Analytical separations for lipids in complex, nonpolar lipidomes using differential mobility spectrometry
Secretions from meibomian glands located within the eyelid (commonly known as meibum) are rich in nonpolar lipid classes incorporating very-long (22–30 carbons) and ultra-long (>30 carbons) acyl chains. The complex nature of the meibum lipidome and its preponderance of neutral, nonpolar lipid classes presents an analytical challenge, with typically poor chromatographic resolution, even between different lipid classes. To address this challenge, we have deployed differential mobility spectrometry (DMS)-MS to interrogate the human meibum lipidome and demonstrate near-baseline resolution of the two major nonpolar classes contained therein, namely wax esters and cholesteryl esters. Within these two lipid classes, we describe ion mobility behavior that is associated with the length of their acyl chains and location of unsaturation. This capability was exploited to profile the molecular speciation within each class and thus extend meibum lipidome coverage. Intriguingly, structure-mobility relationships in these nonpolar lipids show similar trends and inflections to those previously reported for other physicochemical properties of lipids (e.g., melting point and phase-transition temperatures). Taken together, these data demonstrate that differential ion mobility provides a powerful orthoganol separation technology for the analysis of neutral lipids in complex matrices, such as meibum, and may further provide a means to predict physicochemical properties of lipids that could assist in inferring their biological function(s).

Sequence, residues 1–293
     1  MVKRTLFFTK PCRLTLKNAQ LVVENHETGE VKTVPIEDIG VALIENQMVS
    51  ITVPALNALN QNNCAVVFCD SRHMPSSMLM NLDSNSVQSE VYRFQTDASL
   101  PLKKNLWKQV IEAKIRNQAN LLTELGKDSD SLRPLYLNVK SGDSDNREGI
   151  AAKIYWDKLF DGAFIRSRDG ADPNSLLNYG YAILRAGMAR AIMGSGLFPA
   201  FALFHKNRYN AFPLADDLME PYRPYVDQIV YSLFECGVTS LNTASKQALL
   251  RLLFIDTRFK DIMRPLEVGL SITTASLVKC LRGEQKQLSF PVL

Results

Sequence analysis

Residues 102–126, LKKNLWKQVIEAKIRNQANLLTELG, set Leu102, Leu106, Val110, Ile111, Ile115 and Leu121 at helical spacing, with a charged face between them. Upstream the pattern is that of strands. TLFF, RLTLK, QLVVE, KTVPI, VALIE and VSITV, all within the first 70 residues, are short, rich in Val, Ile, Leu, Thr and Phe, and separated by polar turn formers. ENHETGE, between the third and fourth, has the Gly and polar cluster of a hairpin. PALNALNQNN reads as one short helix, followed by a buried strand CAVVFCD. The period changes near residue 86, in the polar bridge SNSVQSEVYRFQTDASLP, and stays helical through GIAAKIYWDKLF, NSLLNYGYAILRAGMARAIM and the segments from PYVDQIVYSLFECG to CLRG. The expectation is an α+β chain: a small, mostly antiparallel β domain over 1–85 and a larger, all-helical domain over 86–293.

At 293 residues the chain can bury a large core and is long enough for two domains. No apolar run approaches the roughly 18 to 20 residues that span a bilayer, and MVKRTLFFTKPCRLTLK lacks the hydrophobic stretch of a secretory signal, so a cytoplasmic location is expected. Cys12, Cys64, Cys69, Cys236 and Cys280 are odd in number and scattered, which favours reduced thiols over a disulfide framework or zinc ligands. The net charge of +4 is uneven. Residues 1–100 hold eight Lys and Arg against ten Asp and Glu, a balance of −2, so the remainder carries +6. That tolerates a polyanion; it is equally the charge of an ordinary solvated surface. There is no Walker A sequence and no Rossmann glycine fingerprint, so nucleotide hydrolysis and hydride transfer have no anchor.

ARC/LP140100711, ARC/DP190101486, ARC/FT110100249